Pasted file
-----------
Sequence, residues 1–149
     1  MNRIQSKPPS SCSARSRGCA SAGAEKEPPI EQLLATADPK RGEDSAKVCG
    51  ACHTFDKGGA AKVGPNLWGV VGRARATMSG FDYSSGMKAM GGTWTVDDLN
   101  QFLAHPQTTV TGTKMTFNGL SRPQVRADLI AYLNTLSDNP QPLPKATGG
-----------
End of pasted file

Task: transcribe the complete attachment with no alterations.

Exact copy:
Sequence, residues 1–149
     1  MNRIQSKPPS SCSARSRGCA SAGAEKEPPI EQLLATADPK RGEDSAKVCG
    51  ACHTFDKGGA AKVGPNLWGV VGRARATMSG FDYSSGMKAM GGTWTVDDLN
   101  QFLAHPQTTV TGTKMTFNGL SRPQVRADLI AYLNTLSDNP QPLPKATGG